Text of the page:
Body image preoccupies the minds of teen girls


IT'S A THIGH THING. As soon as our daughters notice they have laps, they notice their thighs. And they gasp in dismay. "Oh, God. My thighs are, like, huge!" "I can't believe how flabby my thighs are. They even jiggle!" "My thighs are the worst. Thunder thighs."

This tedious conversation from the back seat is familiar to any mother who chauffeurs girls around. It is a wonder these self-conscious girls don't insist on standing during the ride.

And, as any mother knows, this body talk is not designed to fill an awkward silence. These girls are saying about themselves what they are sure their friends are thinking. It is their defense against the ridicule they are certain is just under the surface of their friendships.

Thighs necessarily change their shape when a girl sits down, and they've been doing that since her feet dangled over the edge of the potty for the first time.

She might not even notice she had them if she didn't insist on wearing shorts, skirts and bathing suits cut clear up to here. Isn't it bad enough that she worries about her weight? Must she worry about specific body parts?

What is the thigh thing?

"This is part of a larger shift in American culture and our idealization of the female body below the belt," says Joan Jacobs Brumberg, author of "The Body Project: An Intimate History of American Girls."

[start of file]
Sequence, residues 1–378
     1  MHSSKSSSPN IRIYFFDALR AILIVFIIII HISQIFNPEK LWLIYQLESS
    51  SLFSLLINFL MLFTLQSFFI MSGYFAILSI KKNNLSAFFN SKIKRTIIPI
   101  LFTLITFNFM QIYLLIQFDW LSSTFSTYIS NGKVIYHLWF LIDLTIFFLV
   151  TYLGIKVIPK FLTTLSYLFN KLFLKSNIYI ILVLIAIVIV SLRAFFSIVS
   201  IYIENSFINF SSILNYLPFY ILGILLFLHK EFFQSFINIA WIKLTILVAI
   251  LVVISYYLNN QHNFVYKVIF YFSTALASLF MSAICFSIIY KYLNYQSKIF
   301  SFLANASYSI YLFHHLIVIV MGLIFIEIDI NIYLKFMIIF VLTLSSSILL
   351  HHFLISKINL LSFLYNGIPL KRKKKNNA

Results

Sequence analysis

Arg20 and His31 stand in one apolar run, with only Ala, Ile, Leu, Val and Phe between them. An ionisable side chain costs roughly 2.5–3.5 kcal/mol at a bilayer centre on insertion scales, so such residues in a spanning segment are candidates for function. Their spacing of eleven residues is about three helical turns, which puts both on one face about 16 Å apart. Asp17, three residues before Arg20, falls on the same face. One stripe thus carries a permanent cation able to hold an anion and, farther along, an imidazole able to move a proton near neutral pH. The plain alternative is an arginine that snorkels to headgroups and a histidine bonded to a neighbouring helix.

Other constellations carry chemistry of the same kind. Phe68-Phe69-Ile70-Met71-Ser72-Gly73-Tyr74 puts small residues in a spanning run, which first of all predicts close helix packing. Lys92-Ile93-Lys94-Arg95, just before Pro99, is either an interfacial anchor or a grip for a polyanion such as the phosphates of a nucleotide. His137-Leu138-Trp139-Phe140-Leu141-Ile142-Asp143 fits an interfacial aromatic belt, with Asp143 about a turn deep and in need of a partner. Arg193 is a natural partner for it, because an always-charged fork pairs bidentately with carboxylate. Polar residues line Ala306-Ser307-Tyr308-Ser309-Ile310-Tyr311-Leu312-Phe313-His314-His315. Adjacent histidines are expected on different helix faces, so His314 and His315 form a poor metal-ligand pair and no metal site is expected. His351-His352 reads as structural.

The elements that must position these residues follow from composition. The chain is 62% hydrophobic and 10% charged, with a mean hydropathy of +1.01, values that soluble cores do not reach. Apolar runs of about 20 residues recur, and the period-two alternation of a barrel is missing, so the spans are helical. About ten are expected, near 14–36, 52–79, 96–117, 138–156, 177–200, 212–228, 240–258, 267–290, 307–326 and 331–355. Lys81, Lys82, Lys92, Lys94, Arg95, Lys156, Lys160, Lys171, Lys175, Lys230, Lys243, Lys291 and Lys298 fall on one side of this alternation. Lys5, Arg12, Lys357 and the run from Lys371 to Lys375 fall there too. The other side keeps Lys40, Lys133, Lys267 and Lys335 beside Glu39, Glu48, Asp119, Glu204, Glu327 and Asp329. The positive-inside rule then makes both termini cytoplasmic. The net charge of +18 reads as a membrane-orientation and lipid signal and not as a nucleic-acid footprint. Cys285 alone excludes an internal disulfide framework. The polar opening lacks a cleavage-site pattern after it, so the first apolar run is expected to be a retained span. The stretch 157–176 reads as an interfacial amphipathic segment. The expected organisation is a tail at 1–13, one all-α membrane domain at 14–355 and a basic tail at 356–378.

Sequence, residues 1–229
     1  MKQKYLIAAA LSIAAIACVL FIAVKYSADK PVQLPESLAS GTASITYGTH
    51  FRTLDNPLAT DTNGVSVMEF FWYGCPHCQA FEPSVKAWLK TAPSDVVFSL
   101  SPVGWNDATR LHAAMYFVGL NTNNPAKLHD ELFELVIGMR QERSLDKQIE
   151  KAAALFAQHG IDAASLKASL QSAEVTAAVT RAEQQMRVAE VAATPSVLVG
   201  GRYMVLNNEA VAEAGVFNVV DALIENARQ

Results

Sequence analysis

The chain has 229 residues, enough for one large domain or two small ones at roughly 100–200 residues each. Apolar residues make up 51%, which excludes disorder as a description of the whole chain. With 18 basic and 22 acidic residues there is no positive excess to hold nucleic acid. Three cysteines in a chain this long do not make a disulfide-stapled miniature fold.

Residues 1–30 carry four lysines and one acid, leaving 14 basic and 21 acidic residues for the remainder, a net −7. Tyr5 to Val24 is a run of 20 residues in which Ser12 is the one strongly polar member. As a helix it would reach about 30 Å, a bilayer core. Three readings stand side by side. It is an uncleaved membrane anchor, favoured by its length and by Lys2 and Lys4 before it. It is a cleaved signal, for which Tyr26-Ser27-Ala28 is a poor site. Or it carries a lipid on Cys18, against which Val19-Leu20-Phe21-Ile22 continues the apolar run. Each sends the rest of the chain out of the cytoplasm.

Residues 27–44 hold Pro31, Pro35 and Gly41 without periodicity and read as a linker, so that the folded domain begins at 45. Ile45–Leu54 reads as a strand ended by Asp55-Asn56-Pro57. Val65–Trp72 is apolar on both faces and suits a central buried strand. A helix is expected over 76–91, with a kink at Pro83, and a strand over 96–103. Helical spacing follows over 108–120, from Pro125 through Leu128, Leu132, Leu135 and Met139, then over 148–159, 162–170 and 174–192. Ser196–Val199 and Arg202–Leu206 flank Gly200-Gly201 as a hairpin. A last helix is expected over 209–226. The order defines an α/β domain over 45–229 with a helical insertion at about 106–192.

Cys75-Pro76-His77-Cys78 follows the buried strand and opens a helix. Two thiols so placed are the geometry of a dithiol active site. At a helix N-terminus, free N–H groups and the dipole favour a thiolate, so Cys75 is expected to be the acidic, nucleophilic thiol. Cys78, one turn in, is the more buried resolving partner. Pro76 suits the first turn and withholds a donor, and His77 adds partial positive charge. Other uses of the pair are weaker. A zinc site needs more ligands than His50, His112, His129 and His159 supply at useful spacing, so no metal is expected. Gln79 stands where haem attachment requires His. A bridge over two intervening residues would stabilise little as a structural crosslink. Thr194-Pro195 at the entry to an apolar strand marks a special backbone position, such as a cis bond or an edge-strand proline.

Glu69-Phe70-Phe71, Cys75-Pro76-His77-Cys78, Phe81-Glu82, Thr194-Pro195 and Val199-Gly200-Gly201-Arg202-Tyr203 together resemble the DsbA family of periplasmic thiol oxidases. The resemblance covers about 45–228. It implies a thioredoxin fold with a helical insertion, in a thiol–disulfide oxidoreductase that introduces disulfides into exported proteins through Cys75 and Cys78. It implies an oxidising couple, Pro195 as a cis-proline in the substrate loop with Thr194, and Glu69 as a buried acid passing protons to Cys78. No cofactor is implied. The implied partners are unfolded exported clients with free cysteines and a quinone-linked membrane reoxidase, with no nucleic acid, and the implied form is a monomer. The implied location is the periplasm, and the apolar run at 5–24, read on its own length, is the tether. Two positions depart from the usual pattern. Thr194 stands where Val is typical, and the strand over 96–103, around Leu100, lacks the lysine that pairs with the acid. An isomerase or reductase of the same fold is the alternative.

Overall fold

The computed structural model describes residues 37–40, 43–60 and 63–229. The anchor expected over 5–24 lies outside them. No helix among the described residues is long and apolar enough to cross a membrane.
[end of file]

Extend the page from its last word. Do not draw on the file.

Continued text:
"It's not just a pretty face and a big bust anymore. It is a slimmed and highly toned pelvic area, buttocks and thighs. They are objects of desire as well as symbols of success."

As such, Brumberg says, the thighs are just another body part a young girl can despise because it does not resemble the ones she sees on bone-thin fashion models or Barbie dolls.

"Thighs are as important to young girls today as waists were to the girls of the Victorian era," says Brumberg, whose work combines the fields of history, human development and women's studies.

A girl's sudden preoccupation with thighs is not just a function of gravity or more evidence of neurotic narcissism. With puberty comes estrogen and with it a change in the distribution of the body fat needed to store it. The result is a fullness and a roundness of the buttocks and thighs that varies from girl to girl depending on her genetic code.

The fact that young girls acknowledge this change with such self-deprecation is another indication that they are at least ambivalent about their changing bodies, if not full of hate for them, because they no longer resemble the childlike and extremely thin contemporary ideal.

Girls have added thighs to breasts and skin and hair -- a growing list of body parts to be anxious about.

"They use the language of food and body to talk about these anxieties: 'If I could only lose 10 pounds, everything would be perfect,' " Brumberg says.

As mothers, we have to distract our daughters from this futile preoccupation with their body type and body parts. But the distractions have to be real, Brumberg says.

We can't just say, "Oh, don't worry about that," because they do.

We can't simply say, "There are more important things in life" without helping them find something that is.

"We have to encourage girls to think about what their bodies can do instead of what they look like," says Brumberg. "I believe in athleticism for girls. We have to move the kids off the beauty thing to the health thing."

And then maybe they will forget about the thigh thing.

Pub Date: 01/31/99

Copyright © 2020, The Baltimore Sun, a Baltimore Sun Media Group publication | Place an Ad